Olafur Eliasson’s Spectacular Versailles Takeover Stands Up to Climate Change

Olafur Eliasson hopes that his exhibition at the Château de Versailles, which includes a triptych of site-specific, water-related projects in the palace gardens, will stimulate reflection on climate change. 

The Danish-Icelandic artist has imported 150 tons of glacial rock flour—granite ground down by glacial erosion—from Greenland to create his land art-inspired Glacial rock flour garden (2016). The grayish mineral dust, which Eliasson has described as “very alien,” is arranged around the statue of Persephone, the goddess of spring, in the Colonnade grove. “Persephone and the Colonnade have been cultivated, too, so it’s about the loss of nature,” the artist said at the exhibition’s press preview. The installation comes on the heels of Eliasson’s Ice Watch (2015), for which he installed giant boulders of ice in front of Paris’s Panthéon during the United Nations Climate Change Conference last November.

Eliasson’s Ice Blocks Evoke the Human Impact of Climate Change

Elsewhere in the gardens, Eliasson’s Fog assembly (2016) emits clouds of mist, while Waterfall (2016) is a vast cascade of water falling from a construction crane at the basin of the Grand Canal, reminiscent of the four waterfalls the artist installed in New York’s East River in 2008. At Versailles, however, the crane is yellow steel, approximating the same tone of gold as the gardens’ Apollo Fountain. Unlike Anish Kapoor’s controversial Dirty Corner (2011), installed at Versailles last year, Eliasson’s trio of works fits more seamlessly into André Le Nôtre’s landscaped rows of tree-lined walkways. The artist’s works nonetheless require a shift in perspective, placing an unnatural spin on otherwise natural phenomena. “On the 21st of June, the sun will sink and the waterfall will obscure the sun—that’s why it has the height it has,” explained Eliasson of the towering work.

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Within the Château de Versailles, Eliasson has installed a series of “subtle space interventions” using mirrors and light. The curious museum (2010), consisting of mirrors placed behind the windows of the Hercules Room, reflects the room’s arches back at the visitor, while, at the end of the Hall of Mirrors, the reflective triangle of Your sense of unity (2016)—bisected by a semi-circle—conjures a multiplicity of illuminated circles. The artist’s delicate approach continues with Solar compression (2016), a suspended mirror that rotates, slowly, one edge of it emanating orange light. It reflects the marquetry of the wooden floorboards and the fireplace in the King’s Guards’ Room. The subtlest piece, though, is The gaze of Versailles (2016), two gold balls—alluding to Eliasson’s reading glasses—placed on a window pane in the Lower Gallery, looking out over the gardens.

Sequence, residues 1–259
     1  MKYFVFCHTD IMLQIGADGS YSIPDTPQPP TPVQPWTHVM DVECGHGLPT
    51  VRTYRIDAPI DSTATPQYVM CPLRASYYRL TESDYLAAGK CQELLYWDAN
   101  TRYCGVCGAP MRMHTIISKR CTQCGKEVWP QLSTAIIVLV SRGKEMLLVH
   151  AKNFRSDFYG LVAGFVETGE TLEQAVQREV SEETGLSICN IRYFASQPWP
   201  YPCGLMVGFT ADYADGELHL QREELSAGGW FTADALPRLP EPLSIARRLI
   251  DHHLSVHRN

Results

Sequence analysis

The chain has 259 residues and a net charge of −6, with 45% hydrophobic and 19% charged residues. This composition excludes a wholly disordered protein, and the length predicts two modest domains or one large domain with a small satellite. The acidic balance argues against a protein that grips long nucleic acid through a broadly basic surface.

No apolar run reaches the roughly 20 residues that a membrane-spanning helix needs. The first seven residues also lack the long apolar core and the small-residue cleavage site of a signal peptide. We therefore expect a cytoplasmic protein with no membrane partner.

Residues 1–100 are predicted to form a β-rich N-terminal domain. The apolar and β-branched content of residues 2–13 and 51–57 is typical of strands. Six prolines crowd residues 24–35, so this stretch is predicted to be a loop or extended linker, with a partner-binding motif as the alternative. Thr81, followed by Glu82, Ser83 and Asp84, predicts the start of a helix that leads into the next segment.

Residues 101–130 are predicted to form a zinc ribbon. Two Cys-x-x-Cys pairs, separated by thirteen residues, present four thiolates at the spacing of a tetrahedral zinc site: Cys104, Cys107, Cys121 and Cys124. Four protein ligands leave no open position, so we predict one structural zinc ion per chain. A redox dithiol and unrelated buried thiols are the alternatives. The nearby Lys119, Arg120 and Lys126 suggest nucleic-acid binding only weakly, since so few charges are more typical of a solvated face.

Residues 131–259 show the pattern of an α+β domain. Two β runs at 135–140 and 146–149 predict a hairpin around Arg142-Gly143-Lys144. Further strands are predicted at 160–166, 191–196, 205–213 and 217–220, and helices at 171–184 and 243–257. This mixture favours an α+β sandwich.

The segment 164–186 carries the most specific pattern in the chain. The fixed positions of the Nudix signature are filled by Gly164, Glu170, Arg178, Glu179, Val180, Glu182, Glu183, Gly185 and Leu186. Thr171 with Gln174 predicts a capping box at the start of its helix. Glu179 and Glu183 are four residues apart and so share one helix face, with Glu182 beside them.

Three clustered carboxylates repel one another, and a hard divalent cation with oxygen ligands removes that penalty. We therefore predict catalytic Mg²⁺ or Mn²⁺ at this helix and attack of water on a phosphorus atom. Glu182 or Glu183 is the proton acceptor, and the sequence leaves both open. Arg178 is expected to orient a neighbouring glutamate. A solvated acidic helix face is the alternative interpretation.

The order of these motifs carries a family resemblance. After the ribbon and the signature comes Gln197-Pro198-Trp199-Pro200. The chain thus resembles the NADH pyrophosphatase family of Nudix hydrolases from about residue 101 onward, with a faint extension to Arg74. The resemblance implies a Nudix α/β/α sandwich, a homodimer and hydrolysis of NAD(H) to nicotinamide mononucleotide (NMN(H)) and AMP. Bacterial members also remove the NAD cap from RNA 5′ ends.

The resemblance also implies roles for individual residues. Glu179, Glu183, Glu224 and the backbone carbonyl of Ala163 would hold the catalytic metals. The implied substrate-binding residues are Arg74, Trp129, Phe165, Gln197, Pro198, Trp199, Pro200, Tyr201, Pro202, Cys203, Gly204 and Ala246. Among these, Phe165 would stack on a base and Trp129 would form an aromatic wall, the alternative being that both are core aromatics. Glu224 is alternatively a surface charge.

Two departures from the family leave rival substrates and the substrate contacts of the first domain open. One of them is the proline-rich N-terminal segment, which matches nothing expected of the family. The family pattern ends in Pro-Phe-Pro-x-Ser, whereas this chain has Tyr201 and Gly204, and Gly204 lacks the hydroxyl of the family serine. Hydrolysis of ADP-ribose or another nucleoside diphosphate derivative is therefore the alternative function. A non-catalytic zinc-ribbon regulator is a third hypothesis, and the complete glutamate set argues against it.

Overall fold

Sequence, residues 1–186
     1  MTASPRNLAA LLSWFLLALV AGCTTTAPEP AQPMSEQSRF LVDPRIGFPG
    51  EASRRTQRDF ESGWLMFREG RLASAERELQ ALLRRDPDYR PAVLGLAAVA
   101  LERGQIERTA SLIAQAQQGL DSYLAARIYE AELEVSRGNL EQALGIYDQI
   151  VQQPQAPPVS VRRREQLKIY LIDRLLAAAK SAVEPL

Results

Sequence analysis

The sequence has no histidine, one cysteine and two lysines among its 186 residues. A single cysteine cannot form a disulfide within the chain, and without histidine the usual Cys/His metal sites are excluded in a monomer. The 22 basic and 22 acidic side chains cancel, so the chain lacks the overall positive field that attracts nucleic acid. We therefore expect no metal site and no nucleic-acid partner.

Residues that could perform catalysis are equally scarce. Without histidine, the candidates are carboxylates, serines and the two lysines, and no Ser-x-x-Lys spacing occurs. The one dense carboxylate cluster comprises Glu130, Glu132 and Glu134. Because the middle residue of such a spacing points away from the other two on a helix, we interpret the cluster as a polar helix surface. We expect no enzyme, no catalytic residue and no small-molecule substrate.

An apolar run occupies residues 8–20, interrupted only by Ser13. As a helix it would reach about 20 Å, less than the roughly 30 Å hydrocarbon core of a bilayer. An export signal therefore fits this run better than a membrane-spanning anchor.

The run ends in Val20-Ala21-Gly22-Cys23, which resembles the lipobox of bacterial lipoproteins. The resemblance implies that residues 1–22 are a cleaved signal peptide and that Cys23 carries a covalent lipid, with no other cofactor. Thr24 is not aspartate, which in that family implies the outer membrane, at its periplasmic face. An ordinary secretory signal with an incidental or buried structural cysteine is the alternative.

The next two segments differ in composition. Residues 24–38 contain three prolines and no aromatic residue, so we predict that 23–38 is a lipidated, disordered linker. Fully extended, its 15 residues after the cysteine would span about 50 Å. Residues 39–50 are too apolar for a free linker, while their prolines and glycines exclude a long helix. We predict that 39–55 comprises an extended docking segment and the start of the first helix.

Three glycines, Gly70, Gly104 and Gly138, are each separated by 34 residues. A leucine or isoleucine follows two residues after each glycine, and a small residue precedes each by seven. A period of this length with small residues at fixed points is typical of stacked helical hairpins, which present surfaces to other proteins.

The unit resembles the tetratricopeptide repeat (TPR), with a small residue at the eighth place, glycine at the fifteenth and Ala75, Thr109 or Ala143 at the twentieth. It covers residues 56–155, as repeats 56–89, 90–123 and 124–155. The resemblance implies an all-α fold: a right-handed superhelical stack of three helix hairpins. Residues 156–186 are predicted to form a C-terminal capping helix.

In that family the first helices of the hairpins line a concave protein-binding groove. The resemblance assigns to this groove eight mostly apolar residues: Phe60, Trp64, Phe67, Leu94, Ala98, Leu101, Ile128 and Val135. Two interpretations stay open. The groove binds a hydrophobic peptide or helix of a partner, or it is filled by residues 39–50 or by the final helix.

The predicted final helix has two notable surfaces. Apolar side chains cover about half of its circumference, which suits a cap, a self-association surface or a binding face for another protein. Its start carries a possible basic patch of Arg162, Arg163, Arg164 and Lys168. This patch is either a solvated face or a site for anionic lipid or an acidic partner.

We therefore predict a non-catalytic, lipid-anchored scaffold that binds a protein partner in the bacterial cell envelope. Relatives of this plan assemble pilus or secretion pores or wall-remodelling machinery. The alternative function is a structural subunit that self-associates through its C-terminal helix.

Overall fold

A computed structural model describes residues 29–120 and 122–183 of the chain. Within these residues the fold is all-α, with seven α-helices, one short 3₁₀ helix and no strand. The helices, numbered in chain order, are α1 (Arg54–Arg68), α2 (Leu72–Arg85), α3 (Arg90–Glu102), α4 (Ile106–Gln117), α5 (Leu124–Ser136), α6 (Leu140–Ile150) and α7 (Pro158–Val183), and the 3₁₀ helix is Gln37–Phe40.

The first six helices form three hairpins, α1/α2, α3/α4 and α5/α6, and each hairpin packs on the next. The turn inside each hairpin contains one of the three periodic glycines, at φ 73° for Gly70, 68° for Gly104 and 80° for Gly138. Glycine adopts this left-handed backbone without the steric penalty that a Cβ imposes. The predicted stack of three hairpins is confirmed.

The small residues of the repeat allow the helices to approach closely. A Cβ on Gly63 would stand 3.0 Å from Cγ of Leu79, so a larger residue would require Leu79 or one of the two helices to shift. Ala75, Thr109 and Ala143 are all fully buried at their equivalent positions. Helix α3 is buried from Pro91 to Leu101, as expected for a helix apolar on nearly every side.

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Eliasson’s atmospheric, immersive works, integrated into Versailles’s architecture, are intended to make the visitor question whether they are “consuming or producing the experience,” as he says, as well as putting a lens over climate change. His presentation, which is curated by former Centre Pompidou director Alfred Pacquement, has not upset any of Versailles’s traditionalists, who have bristled at the works installed by Kapoor, Jeff Koons, and Takashi Murakami in the past. The ninth contemporary artist invited to present a solo show at the Château de Versailles since 2008, Eliasson has aligned himself more with Giuseppe Penone and Lee Ufan, whose outdoor exhibitions also cohered with the environment, bringing a subtle contemporary angle to it.

Eliasson has effectively made a respectful bow to the heritage of Versailles, using the platform to amplify his environmental concerns. “The works outdoors and indoors address the need to offer the opportunity for everyone to become an explorer, not just a king or queen,” Eliasson told viewers at the preview, his Little Sun solar lamp (produced for the 1.2 billion people worldwide without electricity) hanging around his neck.


Anna Sansom

 

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